TURKEY INSIGHT: Halkbank, busy dodging a US court, gets a rating watch negative from Fitch following Moody’s move

TURKEY INSIGHT: Halkbank, busy dodging a US court, gets a rating watch negative from Fitch following Moody’s move
By Akin Nazli October 23, 2019

Fitch Ratings has moved Turkey’s state-run Halkbank to Rating Watch Negative (RWN) following last week’s announcement that the lender has been indicted for fraud, money laundering and Iran sanctions offences by the US attorney general for the Southern District of New York (SDNY).

The RWN may be maintained for longer than six months if the US investigations extend to a considerable period of time, Fitch also said. Halkbank is now seen as “fugitive” by New York prosecutors as it failed to send a lawyer to an initial hearing in a Manhattan federal court on the case brought by the SDNY.

On October 18, Moody’s Rating Services announced a similar action to that now taken by Fitch by placing the bank on review for a downgrade.

Currently, Fitch rates Halkbank at B+, as highly speculative and four notches below investment grade, while Moody’s rates the lender at B3, as highly speculative and six notches below investment grade.

Fitch has Turkey’s sovereign rating at BB-/Negative, three notches below investment grade. Moody’s rates Turkey at B1/Negative, four notches below investment grade.

Halkbank’s net profit declined by 72% y/y to TRY310mn ($54.1mn) in Q2. Trade losses jumped to a record TRY1.41bn in the quarter from TRY30mn a year ago, mainly due to a 24% q/q rise in swap losses to TRY1bn.

The market consensus forecast for the Q2 net profit was TRY316mn. A TRY385mn cut in provisions limited loss of profitability in the quarter.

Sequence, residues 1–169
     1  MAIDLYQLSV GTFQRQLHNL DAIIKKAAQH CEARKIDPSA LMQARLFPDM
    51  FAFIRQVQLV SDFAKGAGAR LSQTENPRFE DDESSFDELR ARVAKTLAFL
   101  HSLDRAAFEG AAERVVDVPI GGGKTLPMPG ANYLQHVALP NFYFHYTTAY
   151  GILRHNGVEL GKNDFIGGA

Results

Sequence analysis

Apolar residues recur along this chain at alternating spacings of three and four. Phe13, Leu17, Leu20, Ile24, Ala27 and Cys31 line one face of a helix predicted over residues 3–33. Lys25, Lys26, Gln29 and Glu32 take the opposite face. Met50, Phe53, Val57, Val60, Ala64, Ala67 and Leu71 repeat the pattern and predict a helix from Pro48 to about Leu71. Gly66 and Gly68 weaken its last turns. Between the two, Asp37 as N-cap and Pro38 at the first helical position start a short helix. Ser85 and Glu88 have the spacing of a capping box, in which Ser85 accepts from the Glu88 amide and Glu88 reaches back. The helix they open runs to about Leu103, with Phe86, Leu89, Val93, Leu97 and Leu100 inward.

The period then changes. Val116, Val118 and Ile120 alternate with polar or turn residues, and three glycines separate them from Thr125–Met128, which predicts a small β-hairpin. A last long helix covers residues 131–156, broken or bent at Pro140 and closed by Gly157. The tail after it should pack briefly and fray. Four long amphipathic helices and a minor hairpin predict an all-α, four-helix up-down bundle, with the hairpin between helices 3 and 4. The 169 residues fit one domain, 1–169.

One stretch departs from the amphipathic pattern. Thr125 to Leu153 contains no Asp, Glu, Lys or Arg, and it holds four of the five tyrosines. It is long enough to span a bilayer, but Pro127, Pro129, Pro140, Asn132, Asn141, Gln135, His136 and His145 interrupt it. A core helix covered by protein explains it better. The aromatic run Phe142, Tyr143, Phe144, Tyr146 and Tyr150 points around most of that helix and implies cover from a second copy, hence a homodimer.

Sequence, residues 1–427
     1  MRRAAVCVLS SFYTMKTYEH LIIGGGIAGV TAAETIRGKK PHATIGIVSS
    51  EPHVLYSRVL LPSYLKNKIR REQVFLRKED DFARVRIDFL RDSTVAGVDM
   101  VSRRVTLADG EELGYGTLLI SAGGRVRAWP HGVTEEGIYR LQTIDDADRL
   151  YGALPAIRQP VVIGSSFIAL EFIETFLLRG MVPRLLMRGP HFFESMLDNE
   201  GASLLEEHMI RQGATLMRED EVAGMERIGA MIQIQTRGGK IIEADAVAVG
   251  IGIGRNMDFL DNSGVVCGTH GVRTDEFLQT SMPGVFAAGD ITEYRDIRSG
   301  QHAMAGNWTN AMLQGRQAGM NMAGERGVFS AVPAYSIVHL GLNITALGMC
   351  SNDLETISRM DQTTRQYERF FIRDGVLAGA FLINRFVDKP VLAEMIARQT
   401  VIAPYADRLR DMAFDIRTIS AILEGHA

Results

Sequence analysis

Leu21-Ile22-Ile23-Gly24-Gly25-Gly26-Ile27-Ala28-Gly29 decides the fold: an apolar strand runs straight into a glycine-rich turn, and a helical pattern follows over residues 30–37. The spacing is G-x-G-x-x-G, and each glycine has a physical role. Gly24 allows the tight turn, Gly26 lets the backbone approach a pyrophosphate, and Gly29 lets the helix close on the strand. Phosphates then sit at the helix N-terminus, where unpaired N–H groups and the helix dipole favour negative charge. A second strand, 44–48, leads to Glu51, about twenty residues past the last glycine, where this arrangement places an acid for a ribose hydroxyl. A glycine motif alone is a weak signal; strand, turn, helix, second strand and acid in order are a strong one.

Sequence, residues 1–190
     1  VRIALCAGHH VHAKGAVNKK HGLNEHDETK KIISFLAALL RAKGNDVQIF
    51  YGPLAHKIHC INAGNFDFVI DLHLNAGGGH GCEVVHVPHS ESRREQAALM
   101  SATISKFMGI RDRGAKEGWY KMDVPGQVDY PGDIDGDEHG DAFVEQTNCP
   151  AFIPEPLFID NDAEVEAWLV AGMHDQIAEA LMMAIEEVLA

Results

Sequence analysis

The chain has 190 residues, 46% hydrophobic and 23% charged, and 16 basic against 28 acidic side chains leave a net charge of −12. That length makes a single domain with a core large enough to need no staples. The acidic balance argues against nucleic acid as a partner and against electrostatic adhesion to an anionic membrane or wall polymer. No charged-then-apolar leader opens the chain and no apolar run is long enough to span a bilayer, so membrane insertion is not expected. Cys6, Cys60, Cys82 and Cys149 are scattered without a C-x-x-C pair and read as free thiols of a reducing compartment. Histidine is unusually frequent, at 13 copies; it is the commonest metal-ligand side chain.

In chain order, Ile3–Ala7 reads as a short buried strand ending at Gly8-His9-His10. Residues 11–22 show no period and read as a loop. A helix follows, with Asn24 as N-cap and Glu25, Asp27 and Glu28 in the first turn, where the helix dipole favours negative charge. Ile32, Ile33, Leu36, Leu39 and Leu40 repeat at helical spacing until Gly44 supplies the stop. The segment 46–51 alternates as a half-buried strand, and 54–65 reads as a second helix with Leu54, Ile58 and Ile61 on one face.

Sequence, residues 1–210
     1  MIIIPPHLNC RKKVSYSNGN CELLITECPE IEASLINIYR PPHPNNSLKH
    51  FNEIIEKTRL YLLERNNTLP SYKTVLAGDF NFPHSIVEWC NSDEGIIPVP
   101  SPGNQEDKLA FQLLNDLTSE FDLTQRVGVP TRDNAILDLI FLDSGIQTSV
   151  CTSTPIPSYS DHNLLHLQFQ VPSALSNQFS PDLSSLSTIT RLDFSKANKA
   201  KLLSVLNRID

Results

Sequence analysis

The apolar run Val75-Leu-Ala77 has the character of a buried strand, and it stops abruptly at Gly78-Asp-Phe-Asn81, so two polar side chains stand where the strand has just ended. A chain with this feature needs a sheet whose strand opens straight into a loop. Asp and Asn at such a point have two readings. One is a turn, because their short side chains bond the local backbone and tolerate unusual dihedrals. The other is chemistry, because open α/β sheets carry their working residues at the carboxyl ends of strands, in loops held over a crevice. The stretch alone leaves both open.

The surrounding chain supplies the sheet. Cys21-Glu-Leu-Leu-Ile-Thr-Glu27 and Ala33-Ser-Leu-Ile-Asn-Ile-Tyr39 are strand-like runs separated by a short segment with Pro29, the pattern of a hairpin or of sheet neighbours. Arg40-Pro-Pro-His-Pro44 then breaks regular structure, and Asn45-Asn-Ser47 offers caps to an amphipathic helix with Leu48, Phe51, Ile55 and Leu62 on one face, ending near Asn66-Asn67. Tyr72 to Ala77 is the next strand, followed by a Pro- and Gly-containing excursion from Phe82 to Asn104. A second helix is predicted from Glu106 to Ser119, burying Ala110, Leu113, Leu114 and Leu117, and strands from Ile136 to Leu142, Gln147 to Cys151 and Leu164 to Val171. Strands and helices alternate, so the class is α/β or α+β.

Loans grew by 18% year-to-date to TRY287bn while the non-performing loans (NPLs) ratio rose to 4% due to a TRY1.5bn energy sector loan. Total assets amounted to TRY429bn and deposits stood at TRY267bn at end-June. Net profit declined by 68% y/y to TRY615mn in H1.

Given that the Halkbank indictment seemed to arrive out of nowhere amid the bipartisan displeasure at Turkey’s military offensive in Syria, as well as the Donald Trump “betrayal” of the US-allied Kurds that cleared the way for the incursion, the court case is widely viewed as politically motivated. However, it is not known whether Trump was informed prior to the filing of the indictment.

Also open to speculation is whether Trump might try stalling any moves that could result in fines or sanctions against Halkbank. This is a matter of great interest as Trump’s involvement in the Halkbank affair is being scrutinised by US media. In 2017, Trump reportedly urged then-secretary of state Rex Tillerson to convince the US Department of Justice to drop charges against a client of ex-New York mayor and lawyer Rudy Giuliani—namely Reza Zarrab, an Iranian-Turkish gold trader and smuggler who was charged with evading US sanctions on Iran partly by using Halkbank as a channel.

Where the Halkbank court case in Manhattan goes from here will be closely watched in Turkey—most Turks assume that the judicial process will be shaped by the domestic political struggles in the US and also the direction of US-Turkey relations including the personal relations between Turkish President Recep Tayyip Erdogan and Trump.

Accused in open court